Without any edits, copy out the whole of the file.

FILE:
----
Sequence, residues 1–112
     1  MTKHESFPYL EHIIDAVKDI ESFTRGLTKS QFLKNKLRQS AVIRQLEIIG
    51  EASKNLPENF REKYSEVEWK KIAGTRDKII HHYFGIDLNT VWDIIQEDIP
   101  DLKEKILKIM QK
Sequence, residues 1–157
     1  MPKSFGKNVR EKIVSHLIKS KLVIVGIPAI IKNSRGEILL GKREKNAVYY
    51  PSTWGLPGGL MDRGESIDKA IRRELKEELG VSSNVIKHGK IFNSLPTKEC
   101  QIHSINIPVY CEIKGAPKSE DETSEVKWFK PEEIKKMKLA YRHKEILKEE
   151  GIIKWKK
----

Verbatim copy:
Sequence, residues 1–112
     1  MTKHESFPYL EHIIDAVKDI ESFTRGLTKS QFLKNKLRQS AVIRQLEIIG
    51  EASKNLPENF REKYSEVEWK KIAGTRDKII HHYFGIDLNT VWDIIQEDIP
   101  DLKEKILKIM QK
Sequence, residues 1–157
     1  MPKSFGKNVR EKIVSHLIKS KLVIVGIPAI IKNSRGEILL GKREKNAVYY
    51  PSTWGLPGGL MDRGESIDKA IRRELKEELG VSSNVIKHGK IFNSLPTKEC
   101  QIHSINIPVY CEIKGAPKSE DETSEVKWFK PEEIKKMKLA YRHKEILKEE
   151  GIIKWKK